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Young leaders offer fresh perspective on governance

The emergence of young leaders and politicians in our midst are giving us hope in this country.
I had this observation after reading about the policy decisions and pronouncements of Manila Mayor Isko Moreno which had drawn widespread praise and support from the public especially his constituents. For my generation who had lived through martial law and saw how it impacted the country’s political, cultural and social landscape, anything that evokes positive action from elected officials especially those that display a vision of development far removed from traditional, parochial, set-in-their-ways politicians, gives us something to cheer about in our old age.
Except for the two People Power revolutions, the impeachments of two chief justices and an aborted impeachment of a sitting president and an election of the first president from Mindanao among other upheavals, there was little change seen in the country’s political culture and system. That’s because time and again, political machinery had prevailed and we keep recycling trapos who kept fortifying their positions and entrenching their political base to ensure that their families keep political power among themselves.
That’s why the election of Mayor Isko Moreno and Pasig City Mayor Vico Sotto are a breath of fresh air that lifts up the spirits amid the prevalent atmosphere of hopelessness and despair felt by a majority of Filipinos. It’s still early coming as it is after the May elections but I dare say there is hope.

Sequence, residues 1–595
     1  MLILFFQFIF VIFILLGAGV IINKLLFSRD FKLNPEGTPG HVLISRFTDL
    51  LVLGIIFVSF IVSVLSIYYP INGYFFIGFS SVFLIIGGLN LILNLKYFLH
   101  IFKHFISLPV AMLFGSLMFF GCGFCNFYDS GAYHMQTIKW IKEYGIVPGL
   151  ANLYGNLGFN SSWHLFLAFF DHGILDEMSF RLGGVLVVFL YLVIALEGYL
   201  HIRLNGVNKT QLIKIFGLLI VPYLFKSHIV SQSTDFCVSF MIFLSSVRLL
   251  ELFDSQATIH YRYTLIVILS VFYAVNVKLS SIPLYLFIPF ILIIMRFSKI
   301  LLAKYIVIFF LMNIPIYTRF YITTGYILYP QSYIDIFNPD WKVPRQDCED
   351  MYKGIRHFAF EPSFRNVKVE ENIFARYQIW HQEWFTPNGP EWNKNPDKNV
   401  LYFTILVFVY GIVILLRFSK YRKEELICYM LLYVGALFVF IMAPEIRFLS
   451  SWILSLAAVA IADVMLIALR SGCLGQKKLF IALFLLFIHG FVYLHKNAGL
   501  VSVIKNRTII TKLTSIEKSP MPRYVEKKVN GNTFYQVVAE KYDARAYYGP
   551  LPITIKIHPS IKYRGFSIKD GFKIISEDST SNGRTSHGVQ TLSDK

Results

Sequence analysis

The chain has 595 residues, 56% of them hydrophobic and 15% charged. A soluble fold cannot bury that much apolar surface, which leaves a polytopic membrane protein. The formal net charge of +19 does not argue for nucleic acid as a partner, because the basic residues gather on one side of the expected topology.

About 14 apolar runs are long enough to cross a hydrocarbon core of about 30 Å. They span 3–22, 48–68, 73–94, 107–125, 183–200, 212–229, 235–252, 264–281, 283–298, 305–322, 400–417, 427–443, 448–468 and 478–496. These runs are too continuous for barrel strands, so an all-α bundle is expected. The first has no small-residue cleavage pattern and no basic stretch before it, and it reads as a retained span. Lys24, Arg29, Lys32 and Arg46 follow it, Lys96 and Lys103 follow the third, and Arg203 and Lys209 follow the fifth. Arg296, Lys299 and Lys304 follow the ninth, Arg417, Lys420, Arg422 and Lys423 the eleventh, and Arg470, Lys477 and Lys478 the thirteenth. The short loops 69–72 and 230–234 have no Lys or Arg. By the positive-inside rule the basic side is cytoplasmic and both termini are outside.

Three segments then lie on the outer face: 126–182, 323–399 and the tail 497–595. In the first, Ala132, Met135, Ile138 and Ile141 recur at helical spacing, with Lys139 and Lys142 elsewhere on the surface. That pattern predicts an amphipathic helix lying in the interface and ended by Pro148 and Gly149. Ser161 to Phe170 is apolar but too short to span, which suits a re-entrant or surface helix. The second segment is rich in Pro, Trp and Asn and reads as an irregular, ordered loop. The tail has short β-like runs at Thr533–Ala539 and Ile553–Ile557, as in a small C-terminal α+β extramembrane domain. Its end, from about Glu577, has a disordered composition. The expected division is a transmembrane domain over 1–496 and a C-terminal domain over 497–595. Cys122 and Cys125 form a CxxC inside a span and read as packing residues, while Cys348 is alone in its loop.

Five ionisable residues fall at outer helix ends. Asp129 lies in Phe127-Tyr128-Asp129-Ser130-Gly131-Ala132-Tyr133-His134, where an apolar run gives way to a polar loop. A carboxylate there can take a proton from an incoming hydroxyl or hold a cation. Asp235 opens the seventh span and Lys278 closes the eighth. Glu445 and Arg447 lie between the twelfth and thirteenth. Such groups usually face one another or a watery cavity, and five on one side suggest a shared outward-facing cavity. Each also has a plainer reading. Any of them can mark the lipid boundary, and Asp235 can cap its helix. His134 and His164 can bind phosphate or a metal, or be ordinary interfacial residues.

I also see that optimism in after talking with Villanueva Mayor Jenny Uy, who is also the president of the Mayor’s League of the Philippines-Misamis Oriental chapter. The 30-year-old Mayor Uy said it was her father, the former vice governor Julio Uy who planted the seed of leadership and sense of public service in her.
Maybe I am a dreamer, said Mayor Uy, a graduate of speech and communication from the University of the Philippines. “I have the support of second term or third term mayors in the province but in the beginning they were observing me to see if I can deliver,” she said. Uy said she tried to mobilize all 23 mayors in the province by setting aside political loyalties and prioritizing their concerns.
“For example in the case of the small town lottery, they asked if they can require the Philippine Charity Sweepstakes Office (PCSO) to secure a business permit or if they can regulate their operations so they are away from schools and churches,” Uy said.
She said she explained to them that there is a national law governing small town lottery outlets but the PCSO cannot oversee all their franchise holders in the country.  Mayor Uy said it was decided by the mayors to call the PCSO’s attention and address their concerns to them.  Uy said the matter was resolved.  “Everyone was happy.  We can be united in some issues that concerns the public,” Mayor Uy said.
She said her father encouraged her to run for league president, citing his experience as former league president for reference.  Just talking to Mayor Uy and hearing her perspective in governance gives me hope that the country’s young leaders do have some fresh ideas they can offer to the table and they have both the energy and the will to implement them.
Those of us that are of a certain age owe it to ourselves, to them and to future generations of Filipinos to support them.  There is no need for a revolutionary government because the revolution is being led by the current crop of young leaders in our midst (For comments and questions email me at [email protected])


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